3. C-villean

    If there were any alternative I would get it!This is probably the most annoying piece of hardware I have ever owned. When it is working it is great, but boy is it uncooperative. Doesn’t respond to button pushes about half the time. Try to turn on tracking, it doesn’t turn on. Try to shut it down, it doesn’t respond to the button push. The software support is awful. It says Bluetooth, so I expected to be able to set it up using Bluetooth on either a computer or iPad. Never found a way to connect to it.The instructions were apparently written by the technical staff, so they use terms that I’m sure are very familiar to them but I had no idea what they meant. And I’m a technical guy. And skimpy. Again, for someone already familiar with Spot devices, I’m sure they are a good quick guide. For a new user, inscrutable.First I tried to establish an account and program it using the computer, but the web site only has the option to establish an account for the Global Phone product, no other options. So I set up an account using the iPad. But since there was no Bluetooth connection there was no way to program the Spot X. Had to program it by logging into the (now established) account on the computer and using a hard USB connection!It freezes occasionally. And it can take a very long time to upload data to the satellites. So you enter something and wait, not knowing if it is waiting to upload, or has frozen . . . and wait . . . no status indication, just wait . . . and wonder . . .The screen is hard to read, small print, black on gray. God help you in low light! If there were any alternative I would get it.But again, once it is on and working it’s a champ. Lovely little time-stamped locations sent out every 10 minutes. Pre-programmed messages to send, as often as you want.If you need a tracker, get it and good luck to you.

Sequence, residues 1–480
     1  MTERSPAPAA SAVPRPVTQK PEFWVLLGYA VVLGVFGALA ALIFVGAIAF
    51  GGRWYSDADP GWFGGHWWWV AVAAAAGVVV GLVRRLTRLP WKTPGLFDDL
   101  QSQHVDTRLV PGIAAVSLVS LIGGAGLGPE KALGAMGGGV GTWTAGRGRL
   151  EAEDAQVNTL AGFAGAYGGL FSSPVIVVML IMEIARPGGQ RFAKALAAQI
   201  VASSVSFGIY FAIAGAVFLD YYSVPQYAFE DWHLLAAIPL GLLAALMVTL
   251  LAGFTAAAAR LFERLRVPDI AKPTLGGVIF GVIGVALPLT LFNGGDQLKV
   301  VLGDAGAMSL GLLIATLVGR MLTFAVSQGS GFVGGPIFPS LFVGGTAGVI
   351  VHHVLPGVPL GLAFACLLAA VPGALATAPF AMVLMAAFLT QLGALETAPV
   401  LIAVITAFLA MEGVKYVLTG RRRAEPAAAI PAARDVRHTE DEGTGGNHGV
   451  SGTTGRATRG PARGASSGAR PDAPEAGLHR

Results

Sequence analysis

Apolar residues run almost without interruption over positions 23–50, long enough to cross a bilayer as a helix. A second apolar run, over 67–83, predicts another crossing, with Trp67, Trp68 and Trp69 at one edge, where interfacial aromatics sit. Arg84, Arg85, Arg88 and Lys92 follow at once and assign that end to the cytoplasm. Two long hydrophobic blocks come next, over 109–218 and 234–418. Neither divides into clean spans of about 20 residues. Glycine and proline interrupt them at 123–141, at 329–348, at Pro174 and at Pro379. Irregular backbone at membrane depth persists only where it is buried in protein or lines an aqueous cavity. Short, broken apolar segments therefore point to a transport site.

4. Don Farrell

    Good for off the grid communications but performance is mediocre.The device is great for staying in touch while you are out of cell range. However, you must have a clear line of sight to the sky. The Spot X does not work when hiking in the forest or near canyon walls. The battery life is not as advertised. I can barely get four hours of use while using the tracking function.Spot X offers much more affordable plans than their competitors. After paying the $30 activation fee I subscribed to a $15/month plan that provides unlimited check-ins and predefined message as well as 20 custom text messages per month. Additional custom text messages are $0.25 each.

  5. Scott

    Communication between app and device is badIt got messages out, but took a very long time. My colleague fared much better with his sat phone. I suspect that Spot is relying on very old contracts with legacy satellite networks.The user interface of the mobile app is very different than the user interface of the device, which makes it a bit confusing. The app linked to the device via blue tooth very quickly, BUT it really did not transfer messages between mobile and device reliably. I gave up, put away the mobile, and just used the device. If I knew this was going to be the case, I would have opted for one of the less expensive Spot devices or (more likely) shopped a different brand like Garmin.Battery life is about as good as a 4 year old iPhone 8